1. Choose to consciously feel emotions that erupt spontaneously and interrupt your life. If you find yourself being regularly triggered by some small annoyance, sit down and let yourself consciously bring up the feeling, and experience it in its entirety. You gotta feel it to heal it – but more on that later.
2. Identify the root of the “shifting” problems. A “shifting problem” is basically when you have the same problem over and over again, just with different people, or in different circumstances. You may call this, you know, a pattern.
3. Take your passive aggressiveness seriously. When people are “snarky,” even if it’s low-key, it’s a major sign of repressed insecurity or unhealed social hangups, and if left unaddressed, it can actually spiral far out of your conscious control (you end up the bully that doesn’t realize they’re a bully – you lose friends and don’t know why and so on).
4. Pay a lot of attention to what angers you. Anger is recognition. To put it in the simplest way possible: we cannot become infuriated over what we don’t either identify with or know/fear to be true. That said: what angers you is a signal that there is a space in which you need to offer a new way of thinking, or some reconciliation – love, basically.
5. Pay attention to your daily moods, and don’t get intimidated if you realize there’s a negative pattern emerging. Usually people ignore their consistent unhappiness because it almost feels too scary to bear – you know something needs to change, yet you don’t know how or what, so ignoring it seems like the best option.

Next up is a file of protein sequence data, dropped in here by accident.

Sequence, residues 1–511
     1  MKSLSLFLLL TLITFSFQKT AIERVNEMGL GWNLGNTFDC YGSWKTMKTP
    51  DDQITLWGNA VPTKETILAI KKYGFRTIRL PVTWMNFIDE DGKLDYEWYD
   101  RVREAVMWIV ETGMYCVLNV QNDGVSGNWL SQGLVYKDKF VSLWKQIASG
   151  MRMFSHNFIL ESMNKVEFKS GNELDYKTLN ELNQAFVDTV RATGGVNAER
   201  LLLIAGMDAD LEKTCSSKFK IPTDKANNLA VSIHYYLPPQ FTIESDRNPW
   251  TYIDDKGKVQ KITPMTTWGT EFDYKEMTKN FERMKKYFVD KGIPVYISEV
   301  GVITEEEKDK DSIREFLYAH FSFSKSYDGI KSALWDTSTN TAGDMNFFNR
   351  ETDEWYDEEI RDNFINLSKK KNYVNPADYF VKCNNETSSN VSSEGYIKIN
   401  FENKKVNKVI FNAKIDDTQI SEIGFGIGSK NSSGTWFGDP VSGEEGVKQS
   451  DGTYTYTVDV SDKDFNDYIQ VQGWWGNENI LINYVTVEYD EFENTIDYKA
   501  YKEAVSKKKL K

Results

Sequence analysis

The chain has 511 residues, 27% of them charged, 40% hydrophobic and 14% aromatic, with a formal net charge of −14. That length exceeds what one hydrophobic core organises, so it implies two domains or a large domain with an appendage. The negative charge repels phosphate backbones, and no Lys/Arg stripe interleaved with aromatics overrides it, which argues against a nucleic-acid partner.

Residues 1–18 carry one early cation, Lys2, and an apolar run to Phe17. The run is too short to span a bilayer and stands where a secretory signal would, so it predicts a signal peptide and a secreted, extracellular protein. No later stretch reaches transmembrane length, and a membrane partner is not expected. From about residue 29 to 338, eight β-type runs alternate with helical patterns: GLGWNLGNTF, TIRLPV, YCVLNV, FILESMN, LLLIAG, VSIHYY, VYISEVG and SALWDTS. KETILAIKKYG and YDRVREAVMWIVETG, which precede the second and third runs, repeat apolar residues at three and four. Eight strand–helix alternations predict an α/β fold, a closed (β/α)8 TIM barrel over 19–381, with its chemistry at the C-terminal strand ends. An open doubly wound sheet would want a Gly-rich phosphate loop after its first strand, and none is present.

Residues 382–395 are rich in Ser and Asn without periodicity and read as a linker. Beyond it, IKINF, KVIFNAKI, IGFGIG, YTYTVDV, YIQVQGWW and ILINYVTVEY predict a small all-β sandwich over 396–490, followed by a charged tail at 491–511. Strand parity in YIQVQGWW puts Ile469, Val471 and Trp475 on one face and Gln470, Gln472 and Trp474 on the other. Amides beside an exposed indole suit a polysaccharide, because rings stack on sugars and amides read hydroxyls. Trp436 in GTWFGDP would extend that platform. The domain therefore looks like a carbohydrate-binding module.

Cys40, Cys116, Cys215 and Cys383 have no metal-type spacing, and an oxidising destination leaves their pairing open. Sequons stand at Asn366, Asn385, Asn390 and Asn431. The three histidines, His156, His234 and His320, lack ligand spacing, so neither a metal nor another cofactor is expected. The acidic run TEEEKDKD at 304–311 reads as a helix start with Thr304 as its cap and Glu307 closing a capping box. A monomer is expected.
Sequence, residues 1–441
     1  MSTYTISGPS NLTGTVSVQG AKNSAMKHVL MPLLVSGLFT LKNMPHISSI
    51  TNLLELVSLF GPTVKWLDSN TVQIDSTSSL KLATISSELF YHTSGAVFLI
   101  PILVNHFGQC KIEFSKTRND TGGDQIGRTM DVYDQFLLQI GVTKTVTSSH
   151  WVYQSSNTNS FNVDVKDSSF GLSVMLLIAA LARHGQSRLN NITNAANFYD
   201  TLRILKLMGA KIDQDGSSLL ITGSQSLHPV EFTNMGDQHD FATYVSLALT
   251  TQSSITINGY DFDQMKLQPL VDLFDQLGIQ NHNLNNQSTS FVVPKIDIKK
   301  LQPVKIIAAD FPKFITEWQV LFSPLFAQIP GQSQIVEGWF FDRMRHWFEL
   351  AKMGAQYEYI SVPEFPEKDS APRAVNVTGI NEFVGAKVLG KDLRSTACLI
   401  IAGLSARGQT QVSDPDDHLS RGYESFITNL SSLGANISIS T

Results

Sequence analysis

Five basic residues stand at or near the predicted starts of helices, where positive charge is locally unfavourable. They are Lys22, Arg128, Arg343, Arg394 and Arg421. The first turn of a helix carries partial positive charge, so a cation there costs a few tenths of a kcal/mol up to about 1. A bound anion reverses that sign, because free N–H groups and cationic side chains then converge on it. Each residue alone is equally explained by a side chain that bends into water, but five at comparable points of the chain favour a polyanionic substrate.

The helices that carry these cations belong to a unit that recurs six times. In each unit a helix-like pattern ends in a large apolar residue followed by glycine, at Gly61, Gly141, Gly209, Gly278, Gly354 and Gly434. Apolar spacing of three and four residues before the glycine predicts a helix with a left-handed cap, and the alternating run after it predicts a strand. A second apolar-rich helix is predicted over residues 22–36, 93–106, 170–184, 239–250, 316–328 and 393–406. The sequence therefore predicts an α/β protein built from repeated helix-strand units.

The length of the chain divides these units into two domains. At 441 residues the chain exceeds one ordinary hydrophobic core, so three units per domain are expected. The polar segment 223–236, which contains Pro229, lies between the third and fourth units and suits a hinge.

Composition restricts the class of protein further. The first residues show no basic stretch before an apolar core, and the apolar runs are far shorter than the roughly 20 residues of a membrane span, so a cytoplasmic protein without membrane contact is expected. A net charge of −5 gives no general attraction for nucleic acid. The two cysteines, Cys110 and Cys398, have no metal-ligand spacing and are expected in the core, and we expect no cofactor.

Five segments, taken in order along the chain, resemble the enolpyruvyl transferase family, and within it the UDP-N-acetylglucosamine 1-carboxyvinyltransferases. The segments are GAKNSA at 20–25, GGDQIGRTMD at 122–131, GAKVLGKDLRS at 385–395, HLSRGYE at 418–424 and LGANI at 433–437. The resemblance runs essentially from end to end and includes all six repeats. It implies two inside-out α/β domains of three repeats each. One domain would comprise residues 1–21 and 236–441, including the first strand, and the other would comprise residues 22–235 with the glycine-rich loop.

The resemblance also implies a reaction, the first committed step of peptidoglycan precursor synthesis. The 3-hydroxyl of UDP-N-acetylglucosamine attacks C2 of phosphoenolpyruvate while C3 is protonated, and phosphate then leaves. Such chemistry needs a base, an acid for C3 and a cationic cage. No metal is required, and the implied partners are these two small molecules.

6. Practice placing emotions on the “backburner,” and see if they’re still there when you return to them. If you have a feeling that you’re in an inappropriate place or time to deal with, tell it that you’re not ignoring it, you’re just going to revisit it completely tonight when you have the chance.
7. Make sure you’re not just bored. Too often, we simply don’t have enough to occupy our minds, or we entertain drama or anxiety as a means of entertaining ourselves, giving ourselves something noble to do and “overcome.” (If we continually induce anxiety, not having it suddenly feels like an accomplishment.) A lot of the time, getting over something is just finding something more important to focus on.
8. Give yourself room to feel for no reason. You need to allow for passing, random feelings, and down days that have no cause, and a general flux that doesn’t necessary have a cause. The idea is just not to judge emotions the second you begin to experience them. If they have something to tell you – they will persist.
9. Change the way you think by learning about why you think the way you do. You’ll realize how much of how you see the world is a construct if only you take the time to trace back when you started thinking and feeling the way you do. In this, you’ll realize you’re also capable of constructing it on your own.